hello i have a question i have a project on greek and roman art my piece is a amphora with spiked handles it was made around 700-675 BC I need information on this piece but I am unable to find anything
    (4 votes)
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  • blobby green style avatar for user ttiensin29
    Why are the Etruscans called etruscans?
    (2 votes)
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  • leaf blue style avatar for user Daniel Evensen
    Unless I am mistaken, did you mention whether or not the Etruscan s were in the B.C. (Before Chirst) or A.D. (After Death) times.
    (0 votes)
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    • blobby green style avatar for user Prof.Pseudo
      The article provides a date of 900-750 BCE for their Iron Age. Additionally, each picture used include a date range. All of them fall in BCE (Before the Common Era). Note: BCE is used in place of BC so historians can avoid mentioning Jesus Christ. BCE ends at the birth of Christ just as BC does. So 100BCE = 100BC. CE (Common Era or Current Era) replaces AD, likewise to avoid any reference to Christ. Also note: AD is an abbreviation for "Anno Domini" which in Latin means "In the year of our Lord", not "After Death". AD begins at His brith and continues throughout His life and death, so AD is not just "after" His death.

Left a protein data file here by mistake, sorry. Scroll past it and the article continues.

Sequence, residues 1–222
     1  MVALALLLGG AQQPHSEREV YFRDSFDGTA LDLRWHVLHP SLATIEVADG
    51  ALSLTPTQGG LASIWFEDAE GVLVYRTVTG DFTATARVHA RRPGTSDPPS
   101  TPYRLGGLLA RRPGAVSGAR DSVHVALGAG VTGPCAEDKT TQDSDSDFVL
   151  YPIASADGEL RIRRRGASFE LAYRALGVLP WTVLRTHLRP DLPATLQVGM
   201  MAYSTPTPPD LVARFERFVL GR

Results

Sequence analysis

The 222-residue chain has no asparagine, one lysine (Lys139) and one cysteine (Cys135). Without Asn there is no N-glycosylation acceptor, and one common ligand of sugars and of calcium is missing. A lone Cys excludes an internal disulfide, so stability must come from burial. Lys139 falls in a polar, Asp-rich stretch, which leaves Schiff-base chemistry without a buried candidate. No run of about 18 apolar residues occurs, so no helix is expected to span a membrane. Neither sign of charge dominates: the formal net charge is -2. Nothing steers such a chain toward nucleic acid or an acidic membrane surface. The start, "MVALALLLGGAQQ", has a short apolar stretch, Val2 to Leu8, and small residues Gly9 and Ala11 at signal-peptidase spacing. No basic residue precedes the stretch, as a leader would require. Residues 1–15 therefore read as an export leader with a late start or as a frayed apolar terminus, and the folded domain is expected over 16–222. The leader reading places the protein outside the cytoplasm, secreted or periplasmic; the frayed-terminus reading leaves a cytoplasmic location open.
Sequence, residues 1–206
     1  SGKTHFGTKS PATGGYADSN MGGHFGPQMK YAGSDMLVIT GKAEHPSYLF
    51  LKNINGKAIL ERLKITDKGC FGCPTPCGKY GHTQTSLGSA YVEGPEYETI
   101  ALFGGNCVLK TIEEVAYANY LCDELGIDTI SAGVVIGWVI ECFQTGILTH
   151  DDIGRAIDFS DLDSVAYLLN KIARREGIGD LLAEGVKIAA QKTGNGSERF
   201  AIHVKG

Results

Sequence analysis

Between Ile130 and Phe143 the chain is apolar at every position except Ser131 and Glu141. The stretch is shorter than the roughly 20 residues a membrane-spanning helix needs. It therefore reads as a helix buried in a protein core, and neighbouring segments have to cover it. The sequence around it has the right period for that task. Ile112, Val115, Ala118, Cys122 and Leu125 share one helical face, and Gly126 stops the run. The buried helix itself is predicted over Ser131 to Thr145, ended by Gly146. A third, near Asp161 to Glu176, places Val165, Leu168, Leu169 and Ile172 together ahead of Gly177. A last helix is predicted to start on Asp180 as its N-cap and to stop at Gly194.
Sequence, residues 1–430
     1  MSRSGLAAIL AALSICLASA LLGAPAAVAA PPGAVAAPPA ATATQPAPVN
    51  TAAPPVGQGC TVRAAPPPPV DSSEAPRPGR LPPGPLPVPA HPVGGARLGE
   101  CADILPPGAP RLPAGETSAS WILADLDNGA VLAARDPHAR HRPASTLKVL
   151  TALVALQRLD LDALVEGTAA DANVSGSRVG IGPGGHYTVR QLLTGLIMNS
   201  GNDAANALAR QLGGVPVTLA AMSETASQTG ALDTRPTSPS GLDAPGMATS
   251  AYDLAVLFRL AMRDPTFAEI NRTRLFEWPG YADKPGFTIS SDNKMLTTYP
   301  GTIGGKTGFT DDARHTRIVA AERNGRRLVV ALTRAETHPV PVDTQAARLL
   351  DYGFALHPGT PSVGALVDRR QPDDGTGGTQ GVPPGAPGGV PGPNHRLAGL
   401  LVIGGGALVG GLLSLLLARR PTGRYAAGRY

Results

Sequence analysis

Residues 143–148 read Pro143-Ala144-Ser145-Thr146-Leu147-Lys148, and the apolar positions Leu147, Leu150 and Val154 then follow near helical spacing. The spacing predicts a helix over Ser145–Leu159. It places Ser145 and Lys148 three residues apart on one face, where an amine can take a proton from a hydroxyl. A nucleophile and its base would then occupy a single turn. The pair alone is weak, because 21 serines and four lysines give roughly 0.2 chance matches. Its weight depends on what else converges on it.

(4 votes)
  • mr pants orange style avatar for user sutton strikers
    nice thanks this was helpful for school.
    (3 votes)
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  • blobby green style avatar for user Kathy O'Rourke Gagnier
    Do you have any info on an Etruscan Key? I am planning to mosaic it on the front of my home, and I want to make sure I wasn't casting a spell on my family (haha) or something! Seriously, if the key means something, I'd like to know it. If there is more than one, I'm interested in the one that looks like a diamond pattern if you look closely.
    (2 votes)
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  • blobby green style avatar for user Elizabeth Golden
    Ok so this is prety cool and I didn't get half of this?
    (2 votes)